Retail employers, whether a large nationwide chain or a small mom-and-pop shop, often face a wide variety of discrimination and harassment claims because they frequently deal with a workforce that is young, is diverse and may be temporary or seasonal. Recent cases show that retail employers will pay a hefty price for engaging in discrimination and harassment, and reinforce the need to provide comprehensive training to all employees and supervisors.
For example, in Equal Employment Opportunity Commission v. Finish Line, Civil Action No. 3:11-cv-00920 (M.D. Tenn. 2013), a jury awarded $30,000 in compensatory damages to three teenage employees who were sexually harassed by a 38-year-old general manager at a Finish Line store in Tennessee. Further, the manager retaliated against one of the female employees by reducing her hours because she resisted the harassment. In commenting on this case, the Equal Employment Opportunity Commission (EEOC) recognized that any woman dealing with sexual harassment in the workplace is unfortunate, especially teenagers. "Equally reprehensible is the fact that the harassment was at the hands of their much older male supervisor."
Also, in Equal Employment Opportunity Commission v. America's Thrift Stores, Inc., Case No. 2:11-cv-03466-AKK (N.D. Ala. 2013), America's Thrift Stores of Alabama agreed to settle a disability discrimination lawsuit for $50,000 brought by the Equal Employment Opportunity Commission (EEOC). The EEOC alleged that the company failed to provide a reasonable accommodation to an employee with lifting and reaching restrictions due to a degenerative joint disease and then terminated her - calling her a liability - despite the fact that she maintained a good work record and was a solid performer. The EEOC contended that the employee was able to perform the essential functions of her position with an accommodation and that the company's blanket policy of refusing to allow employees with nonwork-related injuries to return to work with restrictions was a clear violation of the Americans with Disabilities Act (ADA). As part of the settlement, America's Thrift Stores must also train all employees, managers and supervisors regarding employee rights and employer obligations under the ADA.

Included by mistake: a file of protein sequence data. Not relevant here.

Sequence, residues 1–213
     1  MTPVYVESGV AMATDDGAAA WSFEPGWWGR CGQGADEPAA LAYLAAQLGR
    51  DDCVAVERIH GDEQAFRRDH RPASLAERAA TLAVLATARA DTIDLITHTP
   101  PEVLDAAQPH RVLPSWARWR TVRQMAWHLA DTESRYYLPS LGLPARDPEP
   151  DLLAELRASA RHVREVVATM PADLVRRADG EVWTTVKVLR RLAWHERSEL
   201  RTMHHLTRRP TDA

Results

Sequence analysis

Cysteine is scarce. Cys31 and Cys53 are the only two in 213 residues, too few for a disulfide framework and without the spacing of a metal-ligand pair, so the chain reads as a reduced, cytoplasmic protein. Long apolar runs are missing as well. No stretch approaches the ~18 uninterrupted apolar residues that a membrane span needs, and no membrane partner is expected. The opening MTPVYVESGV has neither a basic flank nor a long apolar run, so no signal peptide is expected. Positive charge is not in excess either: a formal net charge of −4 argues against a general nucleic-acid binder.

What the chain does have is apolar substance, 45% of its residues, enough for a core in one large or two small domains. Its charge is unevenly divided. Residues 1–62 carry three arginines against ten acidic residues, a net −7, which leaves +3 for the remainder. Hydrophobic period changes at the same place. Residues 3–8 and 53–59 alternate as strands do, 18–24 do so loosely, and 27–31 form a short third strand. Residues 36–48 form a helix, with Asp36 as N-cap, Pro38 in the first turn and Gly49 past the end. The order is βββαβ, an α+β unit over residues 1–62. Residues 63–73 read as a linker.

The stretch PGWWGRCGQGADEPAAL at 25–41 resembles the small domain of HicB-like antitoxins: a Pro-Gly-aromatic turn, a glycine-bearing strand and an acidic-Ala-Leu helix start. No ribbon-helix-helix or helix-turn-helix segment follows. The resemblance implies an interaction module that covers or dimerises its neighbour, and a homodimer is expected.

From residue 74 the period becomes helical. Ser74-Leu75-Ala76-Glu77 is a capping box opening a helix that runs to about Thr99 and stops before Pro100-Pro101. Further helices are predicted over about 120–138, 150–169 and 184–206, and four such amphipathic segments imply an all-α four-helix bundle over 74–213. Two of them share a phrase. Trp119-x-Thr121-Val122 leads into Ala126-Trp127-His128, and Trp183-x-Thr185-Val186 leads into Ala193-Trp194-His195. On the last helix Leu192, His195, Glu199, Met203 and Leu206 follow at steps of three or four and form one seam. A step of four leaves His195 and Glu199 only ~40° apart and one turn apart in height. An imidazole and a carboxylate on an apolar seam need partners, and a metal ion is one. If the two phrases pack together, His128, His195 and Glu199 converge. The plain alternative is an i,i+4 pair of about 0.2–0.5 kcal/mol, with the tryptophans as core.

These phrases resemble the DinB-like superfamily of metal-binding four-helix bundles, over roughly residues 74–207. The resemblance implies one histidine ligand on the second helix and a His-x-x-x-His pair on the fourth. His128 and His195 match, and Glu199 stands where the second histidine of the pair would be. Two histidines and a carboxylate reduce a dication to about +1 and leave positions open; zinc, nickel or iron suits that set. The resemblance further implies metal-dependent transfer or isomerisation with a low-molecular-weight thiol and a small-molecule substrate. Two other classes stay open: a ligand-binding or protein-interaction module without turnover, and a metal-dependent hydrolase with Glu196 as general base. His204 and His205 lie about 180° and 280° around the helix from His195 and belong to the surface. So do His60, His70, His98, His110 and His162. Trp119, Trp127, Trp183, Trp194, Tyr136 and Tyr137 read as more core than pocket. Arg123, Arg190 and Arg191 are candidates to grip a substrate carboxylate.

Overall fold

In another case, Hotchkiss v. CSK Auto Inc. d/b/a O'Reilly Auto Parts, +2013 U.S. Dist. LEXIS 9199 (E.D. Wash. 2013), a district court held that a homosexual retail specialist with O'Reilly Auto Parts in Seattle could proceed to trial on his hostile work environment claim under Washington state law. The employee alleged that a subordinate employee called him "queer" and "faggot" and that an assistant manager said "all faggots should be shot," causing the employee to walk off the job because he feared for his safety. Company management allegedly did not take any substantive measures to address and end the harassment after he complained.
The court held that the comments were so severe and pervasive that they altered the terms and conditions of employment. The court further held that the employer was vicariously liable for the subordinate's harassing conduct because the corrective actions taken by management (issuing a verbal warring, reading a copy of the sexual harassment policy and making a note in the subordinate's personnel file) were not reasonably calculated to end the harassment and dissuade others from further harassment.
Advice for Retailers
Taken together, these cases show that retail employers must implement and enforce policies and practices that prohibit and prevent discrimination, harassment and retaliation. Retail employers should provide regular training to all employees, supervisors and managers who work in their stores to ensure that they understand how to identify unlawful discrimination and report claims to the employer or HR.
Retail employers must be thoroughly versed in the laws that are applicable to the states in which they operate stores and outlets. For example, Title VII does not specifically include sexual orientation as a protected class, but some state antidiscrimination laws do.
All managers and supervisors should know how to respond to requests for accommodations based on disability or religion and how to engage in the interactive process to see if the employee can be accommodated without causing the employer undue hardship.
Lastly, retail employers must show that they are committed to taking discrimination and harassment complaints seriously by instituting effective remedial measures to put an end to the discriminatory or harassing conduct.
Employee Management > EEO - Discrimination
Employee Management > EEO - Harassment
Employee Management > EEO - Retaliation
Employee Management > Disabilities (ADA)
Supervisor Briefing: Discrimination
Bullying and Harassment - Supervisor Briefing
Sexual Harassment - Supervisor Briefing
Sexual Harassment Policy